|Brina Stinehelfer, Skype Duet|
photo Amac Garbe
On stage, Per Aspera’s Skype Duet (USA/Germany) at Footscray Community Arts Centre and Volker Gerling’s Portraits in Motion (Germany) at Theatre Works sat interestingly, if not always unambiguously, within the ‘live art’ context. At the same time, local works—Aseel Tayah’s you are not a boy (Footscray) and Amelia Ducker and St Martins Youth Arts Centre’s Genius (Theatre Works)—fused installation/performance art and conversation/guided walk, respectively. Embedded in all four works, consciously or not, were questions regarding the degree to which audiences help ‘make’ the work, and of where the borders lie between participation, encounter and performance.
In Skype Duet, Berlin-based US ex-pat, Brina Stinehelfer, sits at a desk onstage playing with her laptop. She scrolls through websites titled “How to make friends” and types in searches like “interact with new people online,” interspersed with half-hearted visits to chat sites and loneliness forums, or nostalgic trawling through Facebook photos. Her browsing is fed to a large screen for the audience’s benefit, including a webcam close-up of Stinehelfer’s face. We register every shift in her bemused, amused or forlorn expression, intimately projected. Over time, it’s significant that the screen tends to hold our focus, not Stinehelfer’s live presence.
The performance evolves into a patchwork of dropped and successful Skype calls, in particular to her friend, performer Arlene Chico-Lugo, in a New York cafe. But having connected, Arlene seems distracted by buddies showing up, a waiter she fancies or the beep of incoming SMSs. While Stinehelfer’s pained expression sometimes feels overdone, the sense of simultaneous connection and alienation online is deeply familiar. Especially telling is the practised hyper-naturalness of Arlene, each time she brushes Brina off. The digital world is stuffed with cloying sentiment, and it’s writ large here: the sing-song ‘I’m-so-sorrys,’ the whiny ‘I-love-yous,’ clingy ‘wish-you-were-heres’ and big, distracted webcam smiles.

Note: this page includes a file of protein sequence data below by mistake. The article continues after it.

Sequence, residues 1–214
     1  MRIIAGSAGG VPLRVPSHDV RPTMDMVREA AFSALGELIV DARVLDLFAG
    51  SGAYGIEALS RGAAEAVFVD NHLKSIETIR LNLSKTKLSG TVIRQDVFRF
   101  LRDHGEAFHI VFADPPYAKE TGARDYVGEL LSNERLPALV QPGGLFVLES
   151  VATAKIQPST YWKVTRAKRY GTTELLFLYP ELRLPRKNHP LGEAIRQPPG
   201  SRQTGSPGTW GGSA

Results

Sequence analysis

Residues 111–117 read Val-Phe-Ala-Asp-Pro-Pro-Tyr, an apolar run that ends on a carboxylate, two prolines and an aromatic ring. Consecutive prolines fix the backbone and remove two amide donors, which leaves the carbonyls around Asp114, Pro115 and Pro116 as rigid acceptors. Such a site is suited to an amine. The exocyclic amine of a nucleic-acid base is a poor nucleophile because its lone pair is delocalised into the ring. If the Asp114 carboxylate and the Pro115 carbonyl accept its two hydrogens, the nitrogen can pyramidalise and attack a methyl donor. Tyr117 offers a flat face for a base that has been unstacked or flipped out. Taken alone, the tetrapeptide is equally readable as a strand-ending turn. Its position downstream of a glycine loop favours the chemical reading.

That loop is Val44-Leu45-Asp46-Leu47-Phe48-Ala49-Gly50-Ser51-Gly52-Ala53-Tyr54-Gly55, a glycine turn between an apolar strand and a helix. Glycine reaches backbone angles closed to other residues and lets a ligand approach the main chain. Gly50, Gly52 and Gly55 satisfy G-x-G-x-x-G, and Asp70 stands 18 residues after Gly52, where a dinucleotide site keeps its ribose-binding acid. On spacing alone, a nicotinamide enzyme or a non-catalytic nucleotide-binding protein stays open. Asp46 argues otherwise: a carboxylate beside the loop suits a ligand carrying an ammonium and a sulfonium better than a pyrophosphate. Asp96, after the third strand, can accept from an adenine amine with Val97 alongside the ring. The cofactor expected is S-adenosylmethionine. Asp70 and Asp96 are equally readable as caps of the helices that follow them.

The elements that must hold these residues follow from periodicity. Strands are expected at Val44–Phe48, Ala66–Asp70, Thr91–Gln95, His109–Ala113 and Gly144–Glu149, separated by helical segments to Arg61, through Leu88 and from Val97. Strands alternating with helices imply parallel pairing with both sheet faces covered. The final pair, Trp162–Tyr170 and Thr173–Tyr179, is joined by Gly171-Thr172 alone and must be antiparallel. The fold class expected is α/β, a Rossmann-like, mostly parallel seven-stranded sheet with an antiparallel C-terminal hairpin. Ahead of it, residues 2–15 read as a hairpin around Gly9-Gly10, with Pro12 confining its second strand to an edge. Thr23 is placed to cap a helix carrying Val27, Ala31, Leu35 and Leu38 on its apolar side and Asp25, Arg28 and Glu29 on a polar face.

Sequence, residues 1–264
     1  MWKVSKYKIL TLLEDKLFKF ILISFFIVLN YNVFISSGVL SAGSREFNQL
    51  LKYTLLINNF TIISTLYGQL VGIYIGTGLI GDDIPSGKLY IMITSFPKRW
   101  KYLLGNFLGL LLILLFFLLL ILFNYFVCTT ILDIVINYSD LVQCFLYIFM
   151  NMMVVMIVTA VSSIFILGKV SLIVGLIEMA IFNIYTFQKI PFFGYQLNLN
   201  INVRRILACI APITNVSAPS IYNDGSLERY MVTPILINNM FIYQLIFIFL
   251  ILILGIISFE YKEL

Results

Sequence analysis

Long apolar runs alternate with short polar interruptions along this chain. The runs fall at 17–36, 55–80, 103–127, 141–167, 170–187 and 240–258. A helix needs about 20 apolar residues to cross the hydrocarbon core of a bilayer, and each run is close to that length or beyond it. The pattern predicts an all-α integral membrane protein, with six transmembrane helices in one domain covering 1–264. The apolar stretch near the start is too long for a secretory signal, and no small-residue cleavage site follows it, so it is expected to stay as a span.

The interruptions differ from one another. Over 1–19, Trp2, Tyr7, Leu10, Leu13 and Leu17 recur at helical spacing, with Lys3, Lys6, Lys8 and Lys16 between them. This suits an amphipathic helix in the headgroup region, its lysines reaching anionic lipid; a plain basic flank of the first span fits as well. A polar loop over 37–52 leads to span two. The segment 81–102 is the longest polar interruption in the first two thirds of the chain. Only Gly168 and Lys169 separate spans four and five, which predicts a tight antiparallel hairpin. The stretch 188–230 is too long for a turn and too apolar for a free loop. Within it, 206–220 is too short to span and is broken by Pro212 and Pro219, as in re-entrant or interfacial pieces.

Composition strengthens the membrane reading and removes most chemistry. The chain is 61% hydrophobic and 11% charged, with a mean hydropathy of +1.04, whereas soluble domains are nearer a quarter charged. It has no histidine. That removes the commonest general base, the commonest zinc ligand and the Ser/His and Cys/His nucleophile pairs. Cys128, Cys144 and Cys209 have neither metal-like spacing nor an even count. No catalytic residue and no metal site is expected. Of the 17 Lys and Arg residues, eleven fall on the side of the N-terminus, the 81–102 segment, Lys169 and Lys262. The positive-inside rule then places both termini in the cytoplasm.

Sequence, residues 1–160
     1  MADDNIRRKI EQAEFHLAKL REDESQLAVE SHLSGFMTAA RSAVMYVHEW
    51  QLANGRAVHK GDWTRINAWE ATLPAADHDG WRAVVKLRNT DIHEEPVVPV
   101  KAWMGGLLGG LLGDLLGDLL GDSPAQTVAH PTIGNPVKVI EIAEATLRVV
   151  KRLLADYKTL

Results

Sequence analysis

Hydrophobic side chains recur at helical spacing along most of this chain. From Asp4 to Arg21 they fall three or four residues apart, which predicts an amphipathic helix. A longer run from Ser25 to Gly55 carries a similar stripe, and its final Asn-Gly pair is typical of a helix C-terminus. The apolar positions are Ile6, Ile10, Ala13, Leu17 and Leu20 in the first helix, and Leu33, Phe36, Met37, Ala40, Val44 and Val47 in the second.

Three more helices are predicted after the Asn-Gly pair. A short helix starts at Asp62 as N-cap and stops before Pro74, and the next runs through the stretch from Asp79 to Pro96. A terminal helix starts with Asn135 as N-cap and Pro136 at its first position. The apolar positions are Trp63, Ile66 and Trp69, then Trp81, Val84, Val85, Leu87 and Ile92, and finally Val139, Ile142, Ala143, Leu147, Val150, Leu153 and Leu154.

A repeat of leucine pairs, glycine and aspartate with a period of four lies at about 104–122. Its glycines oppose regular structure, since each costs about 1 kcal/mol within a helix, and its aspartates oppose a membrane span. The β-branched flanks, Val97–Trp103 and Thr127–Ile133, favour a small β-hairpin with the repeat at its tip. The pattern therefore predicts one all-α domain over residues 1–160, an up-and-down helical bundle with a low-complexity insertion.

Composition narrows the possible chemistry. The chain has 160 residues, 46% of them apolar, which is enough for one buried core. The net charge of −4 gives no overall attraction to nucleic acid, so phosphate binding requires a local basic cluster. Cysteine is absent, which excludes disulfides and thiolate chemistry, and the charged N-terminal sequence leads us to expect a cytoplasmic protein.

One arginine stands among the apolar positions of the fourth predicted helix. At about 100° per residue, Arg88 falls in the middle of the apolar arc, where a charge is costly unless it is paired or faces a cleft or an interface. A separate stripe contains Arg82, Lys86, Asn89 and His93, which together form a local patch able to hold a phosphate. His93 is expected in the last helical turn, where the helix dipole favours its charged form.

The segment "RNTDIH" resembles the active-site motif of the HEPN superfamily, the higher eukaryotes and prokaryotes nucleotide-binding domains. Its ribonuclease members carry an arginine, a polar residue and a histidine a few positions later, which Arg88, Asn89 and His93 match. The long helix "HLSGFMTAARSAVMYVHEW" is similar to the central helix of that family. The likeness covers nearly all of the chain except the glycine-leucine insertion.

Woven into—or, actually, creating—Skype Duet’s narrative is the audience’s escalating involvement in the work, and in Arlene and Brina’s conversation. ‘Technical difficulties’ at one point force Stinehelfer to leave her desk and enter the audience, awkwardly starting conversations with strangers. Back online, an audience member is introduced via Skype to Arlene, then Arlene introduces them to a cafe patron, and soon the exchange is purely stranger-to-stranger. The work opens out to include more strangers, until an eccentric lover of ballroom dancing in New York is ‘virtually’ waltzing with an audience member at our end.
While my later online viewing of a Berlin/New York performance of Skype Duet revealed that much of the apparently spontaneous action is scripted (certainly some of the New York ‘strangers’ are actors), the conceit reinforces rather than falsifies the work’s premise: how many of our own online connections are genuine, actually, and how much are they performed? As the audience, we embrace the flattering illusion that we’re creating the work with Stinehelfer and, indeed, by the end we are all enthusiastically waltzing with the strangers in the room, IRL. But what is largely a construction that deflates on close examination is perhaps Skype Duet’s achievement, successfully transposing Stinehelfer’s experience of the social internet’s false promises into our own bodies, even as we enjoy the real connection she injects into the piece.
|Volker Gerling, Portraits in Motion, Festival of Live Art, 2016|
photo courtesy the artist
Portraits in Motion
Conversely, Volker Gerling’s Portraits in Motion seems not to be ‘participatory’ at all: it is a ‘moving slide-show’ of sorts, in which Gerling uses live video to project his Daumenkinos (“thumb-cinemas,” or photographic flipbooks) while he gives a friendly lecture about his techniques and “travelling exhibition.” A photographic “journeyman” for part of each year, Gerling has captured images of strangers encountered during more than 3,500 kms of walks through the villages and towns of Germany. Travelling sometimes for months at a time, he takes no money with him, exhibiting his flipbooks from a tray strapped to his body and accepting donations from visitors to this mobile gallery. Each ‘photo’ he takes comprises 36 frames captured over a 12-second exposure; in flipbook form these become the flickering, intimate, time-based ghosts of his encounters.
Portraits in Motion is like the flipside of Stinehelfer’s Skype Duet. In Gerling’s work, it seems that the audience has no part in the process; superficially, it is simply photography. But Portraits in Motion unfolds as Gerling’s document of an extensive live art project, in which he re-invigorates the role of the travelling artisan, spontaneously engaging audiences from big cities and tiny hamlets alike, creating and entertaining as he goes. Time flexes as Gerling’s thumb sets the ‘playback’ pace of each book he shows us: it stretches, slows down, is reversed or paused. Most interestingly, the flipbooks reveal the live art collaboration at the heart of all portrait photography. His subjects —from happy nuclear families to retired farmers to shy teenagers to curious villagers—are illuminated as co-creators. Their consent, engagement, energy and intimacy with the photographer are all vividly apparent in the moving images.